Bosses never asked the working parents to make up the time, he said. But when he himself asked for a couple hours off for a dental emergency, for example, it was granted with the provision he put in the lost hours another time. "I think there's a sort of looking aside by employers when it comes to people with kids," he said.

Even if companies aren't consciously favoring working parents, the perception is widespread.

A report issued last year by The Conference Board said more than 40 percent of executives surveyed said their childless workers felt they were subsidizing health care and other perks for their co-workers who were parents. And 43 percent of the executives said their companies weren't adequately addressing the needs of childless employees.

Such concerns are bound to cause friction as never-marrieds, divorced people and childless couples enter the workforce in increasing numbers.

By 2010, the number of childless couples in the United States is expected to increase by 50 percent. After 2005, single and married couple households with no children are expected to become the most common types of households in the country, according to the Census Bureau.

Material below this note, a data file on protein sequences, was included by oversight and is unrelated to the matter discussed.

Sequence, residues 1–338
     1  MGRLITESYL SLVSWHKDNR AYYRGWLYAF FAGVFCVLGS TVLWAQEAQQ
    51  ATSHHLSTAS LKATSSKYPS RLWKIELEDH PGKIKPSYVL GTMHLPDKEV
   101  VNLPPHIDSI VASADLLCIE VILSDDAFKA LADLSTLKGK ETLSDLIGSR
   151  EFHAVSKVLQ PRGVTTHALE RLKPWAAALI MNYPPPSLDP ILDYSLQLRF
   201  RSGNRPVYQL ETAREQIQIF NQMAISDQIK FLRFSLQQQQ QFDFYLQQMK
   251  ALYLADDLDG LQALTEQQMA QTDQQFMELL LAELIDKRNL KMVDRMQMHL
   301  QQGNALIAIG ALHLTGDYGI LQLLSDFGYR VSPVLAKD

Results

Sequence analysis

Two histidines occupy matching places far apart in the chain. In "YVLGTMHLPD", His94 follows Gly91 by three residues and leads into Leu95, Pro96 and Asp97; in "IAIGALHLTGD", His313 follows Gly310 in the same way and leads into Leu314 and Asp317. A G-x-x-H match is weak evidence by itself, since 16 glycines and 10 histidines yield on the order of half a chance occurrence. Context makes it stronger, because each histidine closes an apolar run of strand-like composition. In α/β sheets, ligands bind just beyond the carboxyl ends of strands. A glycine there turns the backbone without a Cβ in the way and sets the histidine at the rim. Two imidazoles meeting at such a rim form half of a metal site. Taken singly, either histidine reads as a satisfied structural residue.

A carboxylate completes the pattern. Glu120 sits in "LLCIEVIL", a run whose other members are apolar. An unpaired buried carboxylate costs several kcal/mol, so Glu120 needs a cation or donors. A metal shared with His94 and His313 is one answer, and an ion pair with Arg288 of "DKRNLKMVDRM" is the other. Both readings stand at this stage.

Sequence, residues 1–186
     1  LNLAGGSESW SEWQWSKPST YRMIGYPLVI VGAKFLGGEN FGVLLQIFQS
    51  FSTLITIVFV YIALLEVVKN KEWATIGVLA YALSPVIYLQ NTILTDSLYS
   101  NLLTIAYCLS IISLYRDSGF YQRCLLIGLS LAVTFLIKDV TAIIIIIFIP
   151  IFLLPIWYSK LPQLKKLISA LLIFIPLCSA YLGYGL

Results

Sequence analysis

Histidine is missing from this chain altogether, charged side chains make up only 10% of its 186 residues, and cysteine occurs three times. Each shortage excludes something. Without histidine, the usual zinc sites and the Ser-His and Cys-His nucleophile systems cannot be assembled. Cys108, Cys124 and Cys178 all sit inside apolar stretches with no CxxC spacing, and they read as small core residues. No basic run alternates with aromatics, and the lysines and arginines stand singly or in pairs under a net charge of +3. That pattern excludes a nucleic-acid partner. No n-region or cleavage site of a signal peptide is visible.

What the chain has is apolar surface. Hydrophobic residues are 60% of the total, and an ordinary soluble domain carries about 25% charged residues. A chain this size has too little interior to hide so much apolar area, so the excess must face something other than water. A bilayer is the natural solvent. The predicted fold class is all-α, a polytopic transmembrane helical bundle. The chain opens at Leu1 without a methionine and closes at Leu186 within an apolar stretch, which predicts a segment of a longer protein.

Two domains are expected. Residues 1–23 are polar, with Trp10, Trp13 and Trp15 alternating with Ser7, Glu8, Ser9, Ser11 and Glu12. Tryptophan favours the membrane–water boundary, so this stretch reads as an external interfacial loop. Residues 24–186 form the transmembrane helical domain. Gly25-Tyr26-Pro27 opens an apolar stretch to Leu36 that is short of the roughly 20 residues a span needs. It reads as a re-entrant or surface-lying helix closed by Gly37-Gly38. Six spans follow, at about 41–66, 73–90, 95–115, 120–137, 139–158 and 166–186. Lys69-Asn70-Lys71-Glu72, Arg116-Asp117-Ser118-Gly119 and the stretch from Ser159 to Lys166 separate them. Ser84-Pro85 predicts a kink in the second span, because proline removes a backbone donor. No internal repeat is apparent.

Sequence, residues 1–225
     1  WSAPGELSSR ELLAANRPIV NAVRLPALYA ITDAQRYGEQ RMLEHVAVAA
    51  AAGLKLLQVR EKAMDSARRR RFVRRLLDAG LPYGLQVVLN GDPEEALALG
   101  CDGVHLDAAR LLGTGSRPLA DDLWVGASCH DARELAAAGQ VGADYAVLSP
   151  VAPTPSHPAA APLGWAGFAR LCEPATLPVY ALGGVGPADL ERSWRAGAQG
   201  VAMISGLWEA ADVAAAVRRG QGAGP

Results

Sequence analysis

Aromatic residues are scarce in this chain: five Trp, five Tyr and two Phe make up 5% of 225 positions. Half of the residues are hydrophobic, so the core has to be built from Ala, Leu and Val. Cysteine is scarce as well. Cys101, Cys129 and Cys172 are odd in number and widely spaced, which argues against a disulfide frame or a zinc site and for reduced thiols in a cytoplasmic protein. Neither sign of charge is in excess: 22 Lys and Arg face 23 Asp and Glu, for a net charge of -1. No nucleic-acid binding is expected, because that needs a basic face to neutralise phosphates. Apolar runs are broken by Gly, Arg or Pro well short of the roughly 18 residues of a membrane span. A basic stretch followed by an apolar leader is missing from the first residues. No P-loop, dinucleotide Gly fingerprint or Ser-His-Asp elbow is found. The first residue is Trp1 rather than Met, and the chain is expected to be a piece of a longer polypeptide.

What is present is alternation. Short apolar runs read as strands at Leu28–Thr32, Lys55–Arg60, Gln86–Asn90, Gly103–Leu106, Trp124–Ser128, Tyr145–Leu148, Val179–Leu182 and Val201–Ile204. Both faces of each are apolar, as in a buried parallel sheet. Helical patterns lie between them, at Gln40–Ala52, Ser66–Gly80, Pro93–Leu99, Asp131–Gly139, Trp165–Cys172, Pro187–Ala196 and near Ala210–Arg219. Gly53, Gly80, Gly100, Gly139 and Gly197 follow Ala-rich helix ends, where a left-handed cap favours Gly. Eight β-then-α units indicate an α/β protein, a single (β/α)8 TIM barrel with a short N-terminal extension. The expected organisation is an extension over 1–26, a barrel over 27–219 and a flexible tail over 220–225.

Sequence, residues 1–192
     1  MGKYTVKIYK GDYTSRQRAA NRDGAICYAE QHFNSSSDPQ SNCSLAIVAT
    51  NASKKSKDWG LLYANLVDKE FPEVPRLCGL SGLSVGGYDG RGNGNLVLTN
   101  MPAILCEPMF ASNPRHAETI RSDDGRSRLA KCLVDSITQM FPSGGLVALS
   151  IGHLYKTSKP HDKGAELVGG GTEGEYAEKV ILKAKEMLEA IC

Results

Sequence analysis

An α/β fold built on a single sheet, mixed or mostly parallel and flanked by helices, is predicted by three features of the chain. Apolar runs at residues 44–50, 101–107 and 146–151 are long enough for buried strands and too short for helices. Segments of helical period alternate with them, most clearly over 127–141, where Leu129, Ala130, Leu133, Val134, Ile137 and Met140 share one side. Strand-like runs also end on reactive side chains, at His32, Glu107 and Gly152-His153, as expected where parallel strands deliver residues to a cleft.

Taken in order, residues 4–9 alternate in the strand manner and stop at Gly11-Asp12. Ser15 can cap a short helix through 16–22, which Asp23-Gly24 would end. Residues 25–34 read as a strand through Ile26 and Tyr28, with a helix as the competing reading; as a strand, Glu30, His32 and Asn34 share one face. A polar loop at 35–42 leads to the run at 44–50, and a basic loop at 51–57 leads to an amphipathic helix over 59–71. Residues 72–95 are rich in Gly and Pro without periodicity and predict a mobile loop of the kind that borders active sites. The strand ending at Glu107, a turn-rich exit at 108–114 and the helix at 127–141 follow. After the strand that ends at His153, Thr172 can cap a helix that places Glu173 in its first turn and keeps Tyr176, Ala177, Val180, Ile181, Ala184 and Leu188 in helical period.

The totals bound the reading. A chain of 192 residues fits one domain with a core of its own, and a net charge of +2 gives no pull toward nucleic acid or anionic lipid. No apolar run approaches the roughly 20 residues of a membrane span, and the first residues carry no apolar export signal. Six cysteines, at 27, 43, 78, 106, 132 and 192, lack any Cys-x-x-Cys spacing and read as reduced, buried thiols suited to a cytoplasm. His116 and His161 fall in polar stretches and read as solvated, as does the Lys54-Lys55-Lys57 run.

"'Lifestyle friendly' instead of 'family-friendly.' That's the term we're starting to hear in the benefits industry," said Barry Lawrence, spokesman for the Society for Human Resource Management in Alexandria, Va. "More and more workers entering the workforce are single or childless. So we have to start thinking about this stuff."

Some Pittsburgh firms have already tackled the issue.

Based on studies it conducted in 1993 of its headquarters and administrative personnel -- about 2,800 employees -- Consolidated Natural Gas Co. instituted a flexible benefits program that allows employees to pick from three levels of medical coverage and a list of other benefits, ranging from extra vacation days to enhanced disability insurance.

A single employee who doesn't want the top level of full medical coverage, for instance, can trade down for single coverage and pick up a couple of extra vacation days or a cash payment of $75 per month.

"The workforce as a whole made it pretty clear they needed flexibility," said Andy Haas, CNG's acting vice president, corporate human resources. "People can pick their options based on their own individual circumstances."

This year CNG added investment counseling to the mix of options.

"We revisited (the 1993 survey) to see what might be useful that we didn't include the first time," said Haas.